The national anti-corruption strategy

The principle of efficiency

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The principle of efficiency – A duty to usually conduct anti-corruption measures within one’s own powers, and to conduct ongoing training for the purposes of improving efficiency in the fight against corruption;

  • The principle of transparency – A guarantee of publicity in the process of adoption and implementation of decisions, as well as enabling citizens to access information, in accordance with the law.

    Although corruption is a phenomenon that permeates the entire society, the Strategy lists certain fields in which some priority actions will be taken, and which were recognized as crucial for the development and strengthening of systemic anti-corruption mechanisms. The fact is that it is not possible to solve problems in a limited time and with limited resources in all the fields in which corruption may occur. Therefore, the Strategy seeks to created solid foundations for future comprehensive fight against corruption with proper allocation of limited resources within a strategic time frame of 5 years. In addition, the following chapter (Chapter IV – Prevention) defines objectives related both, to the fields of priority actions, and to all other fields in which corrupt behavior may appear.
    The fields of priority actions were identified on the basis of the qualitative and quantitative analysis of indicators оf trends, scope, forms and other issues related to corruption in the Republic of Serbia. They are based on different sources of information, including ACA’s annual reports on the implementation of the Strategy 2005, reports of the Anti-Corruption Council (hereinafter referred to as the Council), the needs analysis conducted for the purposes of development of the Strategy, reports of the European Commission on the progress of the Republic of Serbia from 2012, analyses conducted within the Group of States against Corruption (hereinafter referred to as the GRECO), the Organisation for Economic Co-operation and Development (hereinafter referred to as the OECD) and the United Nations Convention against Corruption (hereinafter referred to as the UNCAC), integrity plan models developed in cooperation with public authorities in a process coordinated by the ACA, analysis of citizens’ perception of corruption, civil sector reports, as well as other relevant documents.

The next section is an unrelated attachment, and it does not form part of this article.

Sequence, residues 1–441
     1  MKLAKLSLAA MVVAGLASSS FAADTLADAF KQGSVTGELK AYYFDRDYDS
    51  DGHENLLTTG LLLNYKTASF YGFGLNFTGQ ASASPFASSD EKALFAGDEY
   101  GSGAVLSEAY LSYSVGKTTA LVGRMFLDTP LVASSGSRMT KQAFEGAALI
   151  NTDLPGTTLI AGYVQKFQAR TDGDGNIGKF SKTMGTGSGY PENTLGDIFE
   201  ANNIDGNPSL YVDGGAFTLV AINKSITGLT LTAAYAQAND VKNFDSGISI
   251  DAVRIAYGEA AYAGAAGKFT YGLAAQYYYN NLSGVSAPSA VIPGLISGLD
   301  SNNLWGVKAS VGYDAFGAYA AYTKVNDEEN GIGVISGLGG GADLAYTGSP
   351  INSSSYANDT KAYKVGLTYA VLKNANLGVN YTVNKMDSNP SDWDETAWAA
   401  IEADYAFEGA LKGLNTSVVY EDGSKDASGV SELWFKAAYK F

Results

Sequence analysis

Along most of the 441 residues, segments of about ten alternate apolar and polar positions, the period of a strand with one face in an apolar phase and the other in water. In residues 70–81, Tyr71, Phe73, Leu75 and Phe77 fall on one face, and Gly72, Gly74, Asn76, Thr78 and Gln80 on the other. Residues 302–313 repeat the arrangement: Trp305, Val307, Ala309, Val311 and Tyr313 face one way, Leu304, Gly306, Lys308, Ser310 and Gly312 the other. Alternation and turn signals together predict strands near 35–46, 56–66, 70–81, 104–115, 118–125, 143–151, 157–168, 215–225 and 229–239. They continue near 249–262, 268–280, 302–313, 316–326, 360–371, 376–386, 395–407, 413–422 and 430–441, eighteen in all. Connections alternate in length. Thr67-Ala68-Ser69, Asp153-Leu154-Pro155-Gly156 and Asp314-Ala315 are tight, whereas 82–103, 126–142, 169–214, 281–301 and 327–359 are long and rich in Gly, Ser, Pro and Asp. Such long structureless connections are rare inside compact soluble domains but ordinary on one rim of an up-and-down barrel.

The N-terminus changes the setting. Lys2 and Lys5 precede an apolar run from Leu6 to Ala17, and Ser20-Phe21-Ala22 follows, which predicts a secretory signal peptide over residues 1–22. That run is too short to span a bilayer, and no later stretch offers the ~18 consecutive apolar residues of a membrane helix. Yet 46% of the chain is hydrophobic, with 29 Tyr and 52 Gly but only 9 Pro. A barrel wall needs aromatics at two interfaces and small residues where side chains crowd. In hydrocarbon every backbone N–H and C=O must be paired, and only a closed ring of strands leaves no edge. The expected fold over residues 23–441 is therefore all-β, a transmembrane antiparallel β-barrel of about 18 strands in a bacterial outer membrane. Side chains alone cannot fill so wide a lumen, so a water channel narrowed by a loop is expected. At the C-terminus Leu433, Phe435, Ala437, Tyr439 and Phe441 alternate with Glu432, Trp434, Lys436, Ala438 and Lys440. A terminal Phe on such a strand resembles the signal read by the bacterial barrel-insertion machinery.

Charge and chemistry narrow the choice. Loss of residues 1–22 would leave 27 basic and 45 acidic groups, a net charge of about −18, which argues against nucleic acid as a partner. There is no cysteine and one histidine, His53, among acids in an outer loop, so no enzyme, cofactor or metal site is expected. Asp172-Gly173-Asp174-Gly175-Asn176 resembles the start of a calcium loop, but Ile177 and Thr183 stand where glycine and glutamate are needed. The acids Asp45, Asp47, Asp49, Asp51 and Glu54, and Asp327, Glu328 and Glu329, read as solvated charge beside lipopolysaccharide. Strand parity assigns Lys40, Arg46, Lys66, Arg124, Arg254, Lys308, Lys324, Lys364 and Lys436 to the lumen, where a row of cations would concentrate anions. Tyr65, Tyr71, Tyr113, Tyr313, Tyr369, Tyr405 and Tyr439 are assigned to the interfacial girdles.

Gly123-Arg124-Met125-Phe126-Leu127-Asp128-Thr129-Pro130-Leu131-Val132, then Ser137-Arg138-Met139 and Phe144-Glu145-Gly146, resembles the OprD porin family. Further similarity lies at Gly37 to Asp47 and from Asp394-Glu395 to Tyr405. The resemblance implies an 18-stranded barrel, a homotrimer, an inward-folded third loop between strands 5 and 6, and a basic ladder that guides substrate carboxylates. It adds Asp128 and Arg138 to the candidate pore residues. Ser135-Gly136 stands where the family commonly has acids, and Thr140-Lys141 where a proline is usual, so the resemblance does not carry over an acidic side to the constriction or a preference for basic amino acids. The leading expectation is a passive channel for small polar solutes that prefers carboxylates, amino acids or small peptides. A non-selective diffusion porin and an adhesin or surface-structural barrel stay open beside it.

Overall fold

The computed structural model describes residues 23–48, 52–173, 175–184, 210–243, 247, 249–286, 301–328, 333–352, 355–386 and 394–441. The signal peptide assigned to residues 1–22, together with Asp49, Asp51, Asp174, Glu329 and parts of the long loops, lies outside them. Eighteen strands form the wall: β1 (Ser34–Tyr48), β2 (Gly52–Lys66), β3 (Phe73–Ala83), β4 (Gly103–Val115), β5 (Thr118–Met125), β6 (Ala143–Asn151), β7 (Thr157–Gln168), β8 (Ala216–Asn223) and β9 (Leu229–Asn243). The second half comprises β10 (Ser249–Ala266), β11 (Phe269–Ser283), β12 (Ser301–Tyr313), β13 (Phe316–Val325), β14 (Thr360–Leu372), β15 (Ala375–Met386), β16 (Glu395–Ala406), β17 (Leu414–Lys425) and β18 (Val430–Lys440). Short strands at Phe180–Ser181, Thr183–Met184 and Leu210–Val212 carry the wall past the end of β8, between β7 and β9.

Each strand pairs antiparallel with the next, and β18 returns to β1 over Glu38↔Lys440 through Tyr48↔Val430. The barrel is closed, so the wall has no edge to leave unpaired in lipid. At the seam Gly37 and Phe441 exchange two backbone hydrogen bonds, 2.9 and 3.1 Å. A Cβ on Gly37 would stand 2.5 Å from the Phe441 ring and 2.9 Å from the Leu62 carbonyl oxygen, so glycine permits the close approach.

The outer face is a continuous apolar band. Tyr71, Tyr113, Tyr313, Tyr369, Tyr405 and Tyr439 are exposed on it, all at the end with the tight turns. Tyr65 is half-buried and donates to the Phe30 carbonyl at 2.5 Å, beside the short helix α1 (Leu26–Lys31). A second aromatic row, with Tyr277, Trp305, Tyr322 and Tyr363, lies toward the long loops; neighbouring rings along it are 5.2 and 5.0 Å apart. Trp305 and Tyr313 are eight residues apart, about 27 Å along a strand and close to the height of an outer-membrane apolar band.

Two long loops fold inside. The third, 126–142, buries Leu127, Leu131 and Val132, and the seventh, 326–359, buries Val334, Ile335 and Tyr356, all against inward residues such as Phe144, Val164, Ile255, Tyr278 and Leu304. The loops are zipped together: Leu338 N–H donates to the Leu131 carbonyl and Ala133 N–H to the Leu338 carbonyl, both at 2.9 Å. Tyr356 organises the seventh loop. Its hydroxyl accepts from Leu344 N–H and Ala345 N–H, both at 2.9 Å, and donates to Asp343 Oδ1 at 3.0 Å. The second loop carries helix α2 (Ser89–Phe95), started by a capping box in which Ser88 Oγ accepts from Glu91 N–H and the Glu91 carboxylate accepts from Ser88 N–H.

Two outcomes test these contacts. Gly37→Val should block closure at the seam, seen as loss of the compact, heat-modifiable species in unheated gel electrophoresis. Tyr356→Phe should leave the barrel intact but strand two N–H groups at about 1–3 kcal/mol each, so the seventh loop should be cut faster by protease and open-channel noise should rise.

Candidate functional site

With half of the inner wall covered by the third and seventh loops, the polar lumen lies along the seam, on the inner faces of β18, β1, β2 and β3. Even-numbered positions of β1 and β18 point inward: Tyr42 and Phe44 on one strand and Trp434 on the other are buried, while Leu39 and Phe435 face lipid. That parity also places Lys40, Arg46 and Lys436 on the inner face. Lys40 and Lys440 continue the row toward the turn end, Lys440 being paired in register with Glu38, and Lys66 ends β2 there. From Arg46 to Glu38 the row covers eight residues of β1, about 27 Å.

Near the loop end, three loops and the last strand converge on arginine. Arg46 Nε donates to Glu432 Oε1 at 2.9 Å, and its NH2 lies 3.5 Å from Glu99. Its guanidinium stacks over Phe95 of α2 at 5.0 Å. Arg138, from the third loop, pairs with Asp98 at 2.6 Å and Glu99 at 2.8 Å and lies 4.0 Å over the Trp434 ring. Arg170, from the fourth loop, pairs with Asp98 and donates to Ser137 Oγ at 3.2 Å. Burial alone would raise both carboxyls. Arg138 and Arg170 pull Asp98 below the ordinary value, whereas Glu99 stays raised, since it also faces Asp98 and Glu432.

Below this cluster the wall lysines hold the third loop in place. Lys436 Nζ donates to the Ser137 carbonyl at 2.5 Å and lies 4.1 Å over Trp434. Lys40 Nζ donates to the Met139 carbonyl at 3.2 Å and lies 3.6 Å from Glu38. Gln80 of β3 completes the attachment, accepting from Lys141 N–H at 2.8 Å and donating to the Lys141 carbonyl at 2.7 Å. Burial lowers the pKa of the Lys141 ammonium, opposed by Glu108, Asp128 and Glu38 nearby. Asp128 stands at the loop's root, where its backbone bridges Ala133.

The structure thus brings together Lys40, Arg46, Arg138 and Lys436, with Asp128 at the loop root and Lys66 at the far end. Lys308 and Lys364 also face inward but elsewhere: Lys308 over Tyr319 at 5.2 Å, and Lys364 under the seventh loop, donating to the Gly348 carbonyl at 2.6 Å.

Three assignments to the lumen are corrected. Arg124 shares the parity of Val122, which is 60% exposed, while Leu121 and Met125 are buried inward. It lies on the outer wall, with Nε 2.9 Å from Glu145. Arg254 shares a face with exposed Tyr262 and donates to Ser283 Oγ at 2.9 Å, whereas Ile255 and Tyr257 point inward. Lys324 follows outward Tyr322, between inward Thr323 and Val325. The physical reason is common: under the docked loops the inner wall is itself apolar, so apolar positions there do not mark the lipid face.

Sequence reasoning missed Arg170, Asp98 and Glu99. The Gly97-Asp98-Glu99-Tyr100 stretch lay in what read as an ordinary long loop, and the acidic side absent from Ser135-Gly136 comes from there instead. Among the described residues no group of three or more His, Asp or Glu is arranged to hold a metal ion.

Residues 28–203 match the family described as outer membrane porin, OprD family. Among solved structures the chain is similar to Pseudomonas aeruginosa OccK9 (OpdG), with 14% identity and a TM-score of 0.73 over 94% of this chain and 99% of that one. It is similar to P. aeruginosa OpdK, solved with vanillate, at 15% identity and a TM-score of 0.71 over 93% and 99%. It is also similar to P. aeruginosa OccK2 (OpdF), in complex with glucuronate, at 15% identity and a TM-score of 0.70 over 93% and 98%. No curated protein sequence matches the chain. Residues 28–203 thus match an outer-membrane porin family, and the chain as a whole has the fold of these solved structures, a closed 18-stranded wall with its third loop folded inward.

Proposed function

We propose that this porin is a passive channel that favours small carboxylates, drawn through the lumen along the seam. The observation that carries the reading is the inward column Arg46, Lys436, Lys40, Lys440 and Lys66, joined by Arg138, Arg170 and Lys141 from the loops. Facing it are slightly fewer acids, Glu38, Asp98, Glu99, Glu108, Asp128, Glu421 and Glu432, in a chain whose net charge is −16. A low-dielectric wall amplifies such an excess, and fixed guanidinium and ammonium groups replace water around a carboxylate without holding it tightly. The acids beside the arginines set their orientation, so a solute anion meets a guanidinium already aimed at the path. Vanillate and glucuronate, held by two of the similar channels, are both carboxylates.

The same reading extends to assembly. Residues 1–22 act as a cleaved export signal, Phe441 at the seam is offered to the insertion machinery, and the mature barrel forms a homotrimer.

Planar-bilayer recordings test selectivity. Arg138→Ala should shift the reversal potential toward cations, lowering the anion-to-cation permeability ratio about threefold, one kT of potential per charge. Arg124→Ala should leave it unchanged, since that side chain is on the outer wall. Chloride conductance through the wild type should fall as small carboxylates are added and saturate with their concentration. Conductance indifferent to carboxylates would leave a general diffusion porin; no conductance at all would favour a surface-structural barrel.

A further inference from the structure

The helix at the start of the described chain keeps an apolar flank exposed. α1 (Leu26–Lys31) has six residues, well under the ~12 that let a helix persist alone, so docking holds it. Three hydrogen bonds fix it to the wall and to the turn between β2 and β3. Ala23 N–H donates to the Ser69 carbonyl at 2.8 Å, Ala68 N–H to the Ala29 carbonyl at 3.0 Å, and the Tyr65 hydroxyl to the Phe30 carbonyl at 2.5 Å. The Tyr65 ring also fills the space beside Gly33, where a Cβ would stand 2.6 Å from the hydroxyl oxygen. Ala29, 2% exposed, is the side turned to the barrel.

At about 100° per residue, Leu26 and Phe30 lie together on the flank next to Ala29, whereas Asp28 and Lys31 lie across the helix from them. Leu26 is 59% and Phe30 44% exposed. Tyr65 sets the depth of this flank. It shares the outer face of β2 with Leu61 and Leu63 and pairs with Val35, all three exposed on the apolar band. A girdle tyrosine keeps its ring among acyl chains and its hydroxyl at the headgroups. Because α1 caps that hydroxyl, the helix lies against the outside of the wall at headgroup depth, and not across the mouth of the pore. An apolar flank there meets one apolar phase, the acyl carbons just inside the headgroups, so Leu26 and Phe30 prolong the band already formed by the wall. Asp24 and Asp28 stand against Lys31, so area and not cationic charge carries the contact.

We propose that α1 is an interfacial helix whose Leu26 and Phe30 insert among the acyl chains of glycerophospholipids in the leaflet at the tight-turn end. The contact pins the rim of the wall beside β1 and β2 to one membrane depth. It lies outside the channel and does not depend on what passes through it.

The structure of this chapter of the Strategy first contains the field of priority actions and a short description of the situation and its key problems, which is followed by objectives whose achievement will eliminate detected problems.

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